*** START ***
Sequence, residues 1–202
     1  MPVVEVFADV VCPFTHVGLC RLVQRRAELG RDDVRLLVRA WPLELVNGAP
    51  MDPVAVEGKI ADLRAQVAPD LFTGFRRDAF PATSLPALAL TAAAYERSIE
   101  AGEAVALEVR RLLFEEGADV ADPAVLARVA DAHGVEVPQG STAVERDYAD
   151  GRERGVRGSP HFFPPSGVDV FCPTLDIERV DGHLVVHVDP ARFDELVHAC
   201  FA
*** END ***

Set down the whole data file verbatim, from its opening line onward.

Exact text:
Sequence, residues 1–202
     1  MPVVEVFADV VCPFTHVGLC RLVQRRAELG RDDVRLLVRA WPLELVNGAP
    51  MDPVAVEGKI ADLRAQVAPD LFTGFRRDAF PATSLPALAL TAAAYERSIE
   101  AGEAVALEVR RLLFEEGADV ADPAVLARVA DAHGVEVPQG STAVERDYAD
   151  GRERGVRGSP HFFPPSGVDV FCPTLDIERV DGHLVVHVDP ARFDELVHAC
   201  FA